IN THIS AGE CRAMMED WITH STATISTICS, one tauntingly important item is missing, and always will be. How many people on the face of the earth spend their lives spying—professionally—on other people? The media continually serve up lashings of stuff about secretagents and security personnel. Sometimes it seems that almost half the global population spies on the other half, with a remnant reserved to spy on the spies. Of course there have always been spies, but the growth in electronic means of spying, in doomsday weaponry, in the hovering sense that the whole planet may be made to conform to one set of principles (whatever they are), and that espionage helps one set or another— all these matters make spyinga constant in the back of the head.
Two new German films bring it to the forefront. It is mere coincidence that they arrive together, but they make an excellent pair—not only because of their subject but because of their quality as films. Both of them are about the Stasi, the secret police force of the German Democratic Republic. (Stasi is an abbreviation for Staatssicherheit, State Security.) Its chief job was to sniff out dissidents, spy on them to gather evidence, and then deal with them.
One of the films is a documentary, thoughtfully made. The title is The Decomposition of the Soul, and florid though that may sound, it is exact. Nina Toussaint and Massimo Iannetta, the directors, keep their film entirely within the buildings of Hohenschonhausen in East Berlin, which was the Stasi jail and interrogation center. Theplace is now completely deserted, but the directors make its blank walls and steel doors and antiseptic office furniture redolent with what happened there.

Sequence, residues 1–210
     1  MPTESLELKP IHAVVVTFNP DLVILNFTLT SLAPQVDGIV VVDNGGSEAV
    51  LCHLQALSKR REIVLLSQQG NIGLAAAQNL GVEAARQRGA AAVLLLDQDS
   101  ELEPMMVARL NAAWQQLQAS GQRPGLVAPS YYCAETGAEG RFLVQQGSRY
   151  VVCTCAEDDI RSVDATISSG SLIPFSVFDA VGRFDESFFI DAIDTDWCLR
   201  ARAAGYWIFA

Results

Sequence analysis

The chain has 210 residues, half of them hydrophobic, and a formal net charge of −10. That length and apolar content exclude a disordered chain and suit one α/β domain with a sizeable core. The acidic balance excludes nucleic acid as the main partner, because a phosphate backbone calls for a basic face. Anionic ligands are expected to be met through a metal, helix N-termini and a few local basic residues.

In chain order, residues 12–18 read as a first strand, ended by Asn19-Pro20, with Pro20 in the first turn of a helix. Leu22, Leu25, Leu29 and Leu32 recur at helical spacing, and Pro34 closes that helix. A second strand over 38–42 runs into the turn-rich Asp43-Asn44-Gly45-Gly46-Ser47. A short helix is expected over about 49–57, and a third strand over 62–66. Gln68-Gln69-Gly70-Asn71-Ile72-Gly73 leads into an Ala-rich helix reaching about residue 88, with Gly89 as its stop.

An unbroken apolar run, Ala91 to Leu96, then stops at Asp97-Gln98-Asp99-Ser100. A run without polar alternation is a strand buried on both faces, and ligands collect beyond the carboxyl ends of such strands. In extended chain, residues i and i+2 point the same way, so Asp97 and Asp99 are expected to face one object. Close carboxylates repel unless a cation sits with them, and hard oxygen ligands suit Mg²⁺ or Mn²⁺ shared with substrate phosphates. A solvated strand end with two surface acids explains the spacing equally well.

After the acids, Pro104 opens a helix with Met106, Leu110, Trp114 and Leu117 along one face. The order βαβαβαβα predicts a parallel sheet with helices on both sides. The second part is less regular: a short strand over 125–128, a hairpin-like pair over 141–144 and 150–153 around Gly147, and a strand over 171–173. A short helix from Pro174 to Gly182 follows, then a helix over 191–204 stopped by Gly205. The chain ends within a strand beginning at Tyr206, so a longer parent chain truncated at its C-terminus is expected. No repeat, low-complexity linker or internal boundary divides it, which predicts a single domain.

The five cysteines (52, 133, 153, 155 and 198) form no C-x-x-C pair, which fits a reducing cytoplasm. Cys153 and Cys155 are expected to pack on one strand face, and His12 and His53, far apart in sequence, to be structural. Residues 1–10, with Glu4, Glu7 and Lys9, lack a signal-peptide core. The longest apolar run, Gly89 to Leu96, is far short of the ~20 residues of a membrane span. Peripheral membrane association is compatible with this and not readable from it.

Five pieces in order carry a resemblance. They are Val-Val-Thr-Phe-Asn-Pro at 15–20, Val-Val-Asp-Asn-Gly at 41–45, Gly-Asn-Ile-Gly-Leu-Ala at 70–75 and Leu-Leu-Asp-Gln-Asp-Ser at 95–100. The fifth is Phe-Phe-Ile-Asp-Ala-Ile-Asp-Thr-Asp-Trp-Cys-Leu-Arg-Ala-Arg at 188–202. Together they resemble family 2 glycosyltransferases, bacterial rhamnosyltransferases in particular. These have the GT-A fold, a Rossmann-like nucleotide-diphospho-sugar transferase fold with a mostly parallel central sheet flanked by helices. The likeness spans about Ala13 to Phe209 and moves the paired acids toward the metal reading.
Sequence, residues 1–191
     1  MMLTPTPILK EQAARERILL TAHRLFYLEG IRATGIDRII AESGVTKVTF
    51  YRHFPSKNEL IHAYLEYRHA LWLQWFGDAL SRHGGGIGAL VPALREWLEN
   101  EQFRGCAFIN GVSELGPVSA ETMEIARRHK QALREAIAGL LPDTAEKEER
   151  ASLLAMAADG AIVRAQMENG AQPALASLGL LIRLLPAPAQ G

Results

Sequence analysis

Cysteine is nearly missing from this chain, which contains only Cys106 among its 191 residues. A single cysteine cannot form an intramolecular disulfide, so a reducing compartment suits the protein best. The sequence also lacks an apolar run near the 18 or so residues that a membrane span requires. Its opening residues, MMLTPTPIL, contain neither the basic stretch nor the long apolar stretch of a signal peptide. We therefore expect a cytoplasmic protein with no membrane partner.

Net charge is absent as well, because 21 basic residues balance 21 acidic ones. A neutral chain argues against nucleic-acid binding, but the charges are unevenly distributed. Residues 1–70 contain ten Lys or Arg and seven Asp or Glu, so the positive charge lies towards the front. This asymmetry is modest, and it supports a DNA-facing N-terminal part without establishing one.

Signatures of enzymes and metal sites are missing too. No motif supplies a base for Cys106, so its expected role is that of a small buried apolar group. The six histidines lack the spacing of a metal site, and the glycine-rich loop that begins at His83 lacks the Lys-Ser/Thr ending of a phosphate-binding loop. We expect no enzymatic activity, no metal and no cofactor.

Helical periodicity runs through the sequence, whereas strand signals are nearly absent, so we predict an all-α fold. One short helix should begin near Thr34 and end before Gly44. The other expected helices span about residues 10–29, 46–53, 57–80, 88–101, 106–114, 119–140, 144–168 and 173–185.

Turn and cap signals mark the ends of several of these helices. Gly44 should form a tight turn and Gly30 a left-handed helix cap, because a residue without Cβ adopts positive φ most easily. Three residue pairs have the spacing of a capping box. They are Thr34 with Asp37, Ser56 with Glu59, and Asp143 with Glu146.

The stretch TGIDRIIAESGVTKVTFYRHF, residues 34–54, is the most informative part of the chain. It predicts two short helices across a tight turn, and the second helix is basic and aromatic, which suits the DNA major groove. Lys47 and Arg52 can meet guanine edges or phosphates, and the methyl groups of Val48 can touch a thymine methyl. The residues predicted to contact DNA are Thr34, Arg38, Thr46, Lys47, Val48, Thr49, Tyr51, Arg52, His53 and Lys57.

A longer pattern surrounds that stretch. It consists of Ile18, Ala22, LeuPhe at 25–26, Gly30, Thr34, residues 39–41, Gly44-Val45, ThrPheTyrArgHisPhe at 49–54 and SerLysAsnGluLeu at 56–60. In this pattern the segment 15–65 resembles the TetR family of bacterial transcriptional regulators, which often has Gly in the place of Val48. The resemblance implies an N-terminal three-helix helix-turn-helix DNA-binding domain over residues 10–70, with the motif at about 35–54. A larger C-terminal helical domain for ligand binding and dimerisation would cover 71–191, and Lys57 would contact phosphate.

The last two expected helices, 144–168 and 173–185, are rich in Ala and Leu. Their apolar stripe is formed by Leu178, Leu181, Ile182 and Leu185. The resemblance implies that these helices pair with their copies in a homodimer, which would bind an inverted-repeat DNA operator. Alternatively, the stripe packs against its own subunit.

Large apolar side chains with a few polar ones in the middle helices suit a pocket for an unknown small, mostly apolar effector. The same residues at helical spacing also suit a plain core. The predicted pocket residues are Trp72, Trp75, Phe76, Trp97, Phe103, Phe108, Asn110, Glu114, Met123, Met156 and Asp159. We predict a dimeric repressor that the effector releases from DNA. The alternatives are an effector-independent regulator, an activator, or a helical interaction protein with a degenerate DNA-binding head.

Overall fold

The subject is not torture in the Nazi way. (Some physical torture is mentioned, but it is not the center.) Two people, a man and a woman who may not even know each other, who had been Stasiprisoners in this place some forty years earlier—the film was made in 2002—take us on a tour. The film treats them separately, and each explains in simple yet seasoned terms what happened to him orher, as they show us their cells and the various offices where they were questioned. The passage of time has provided them with at least a mask of philosophical consideration.
Sigrid was a dental assistant who had been hustled off by agents one morning in 1964 and held incommunicado. (Much later she learned that her husband had been arrested, too.) She was accused of helping students who wanted to escape, and she explained what the circumstances were, which her interrogators didn't believe. (There had also been visits to West Berlin to visit her child, who was hospitalized there.) This questioning went on for nineteen months, here and in another prison, burrowing for her confederates and plans and opinions. Quite calmly she describes to us the method of interrogation. Smooth. Sometimes coffee was offered, sometimes cigarettes. The only physical harassments, clever ones, were being seated on a stool with her hands under her for many hours, being deprived of sleep, having whatever sleep was allowed interrupted.